Pharmaceutical Microbiology is an applied branch of Microbiology. It involves the study of microorganisms associated with the manufacture of pharmaceuticals e.g. minimizing the number of microorganisms in a process environment, excluding microorganisms and microbial biproducts like exotoxin and endotoxin from water and other starting materials, and ensuring the finished pharmaceutical product is sterile.
Other aspects of pharmaceutical microbiology include the research and development of anti-infective agents, the use of microorganisms to detect mutagenic and carcinogenic activity in prospective drugs, and the use of microorganisms in the manufacture of pharmaceutical products like insulin and human growth hormone. Another major focus of pharmaceutical microbiology is to determine how a product will react in cases of contamination.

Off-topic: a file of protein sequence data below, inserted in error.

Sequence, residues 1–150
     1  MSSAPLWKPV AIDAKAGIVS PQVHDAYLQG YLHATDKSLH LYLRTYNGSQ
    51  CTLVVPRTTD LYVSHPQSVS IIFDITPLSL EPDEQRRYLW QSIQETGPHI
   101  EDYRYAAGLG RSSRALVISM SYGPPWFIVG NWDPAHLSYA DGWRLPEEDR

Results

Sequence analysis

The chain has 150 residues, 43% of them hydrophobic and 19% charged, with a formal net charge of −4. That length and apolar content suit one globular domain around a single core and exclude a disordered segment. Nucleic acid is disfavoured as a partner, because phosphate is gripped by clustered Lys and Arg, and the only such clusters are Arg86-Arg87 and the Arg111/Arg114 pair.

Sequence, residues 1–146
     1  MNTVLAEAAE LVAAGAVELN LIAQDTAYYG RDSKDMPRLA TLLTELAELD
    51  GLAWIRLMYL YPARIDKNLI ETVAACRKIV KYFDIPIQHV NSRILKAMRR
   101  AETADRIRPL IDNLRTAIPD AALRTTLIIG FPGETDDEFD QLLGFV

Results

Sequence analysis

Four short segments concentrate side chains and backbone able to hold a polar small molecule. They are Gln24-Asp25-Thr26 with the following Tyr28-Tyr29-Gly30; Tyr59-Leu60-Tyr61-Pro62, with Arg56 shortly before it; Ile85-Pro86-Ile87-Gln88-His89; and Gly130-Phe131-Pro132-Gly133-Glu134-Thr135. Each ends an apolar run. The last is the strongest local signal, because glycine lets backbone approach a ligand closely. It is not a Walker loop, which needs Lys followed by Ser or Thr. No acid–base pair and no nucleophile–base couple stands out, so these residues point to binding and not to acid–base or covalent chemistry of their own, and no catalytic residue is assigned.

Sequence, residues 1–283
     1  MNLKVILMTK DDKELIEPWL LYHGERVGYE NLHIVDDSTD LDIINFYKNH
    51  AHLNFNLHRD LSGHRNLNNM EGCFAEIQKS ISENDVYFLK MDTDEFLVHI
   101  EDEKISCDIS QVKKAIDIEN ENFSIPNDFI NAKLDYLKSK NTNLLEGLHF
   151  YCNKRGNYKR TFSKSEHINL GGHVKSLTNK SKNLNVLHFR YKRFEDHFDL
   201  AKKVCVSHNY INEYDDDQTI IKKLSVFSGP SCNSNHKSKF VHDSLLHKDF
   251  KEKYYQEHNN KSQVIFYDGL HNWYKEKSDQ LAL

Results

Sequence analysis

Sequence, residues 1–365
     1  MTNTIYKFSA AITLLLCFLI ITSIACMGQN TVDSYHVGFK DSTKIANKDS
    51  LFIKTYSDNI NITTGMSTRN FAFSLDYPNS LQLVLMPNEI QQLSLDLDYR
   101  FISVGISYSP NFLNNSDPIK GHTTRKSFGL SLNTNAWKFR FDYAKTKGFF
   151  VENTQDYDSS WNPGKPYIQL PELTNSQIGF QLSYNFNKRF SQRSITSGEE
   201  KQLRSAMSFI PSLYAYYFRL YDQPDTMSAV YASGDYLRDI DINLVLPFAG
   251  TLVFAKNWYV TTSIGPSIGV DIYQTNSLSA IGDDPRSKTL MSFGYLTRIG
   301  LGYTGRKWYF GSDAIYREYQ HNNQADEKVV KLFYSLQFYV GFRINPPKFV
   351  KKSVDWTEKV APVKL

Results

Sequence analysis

For example: You have a bottle of cough medicine. Imagine you take the lid off, pour yourself a dose and forget to replace the lid. You come back to take your next dose and discover that you will indeed left the lid off for a few hours. Testing of pharmaceutical products is carried out according to a Pharmacopeia of which there are a few types. For example: In America, the United States Pharmacopeia is used; in Japan there is the Japanese Pharmacopeia; in the United Kingdom there is the British Pharmacopoeia and in Europe the European Pharmacopeia. These contain a test method which is to be followed when testing, along with defined specifications for the amount of microorganisms allowed in a given amount of product.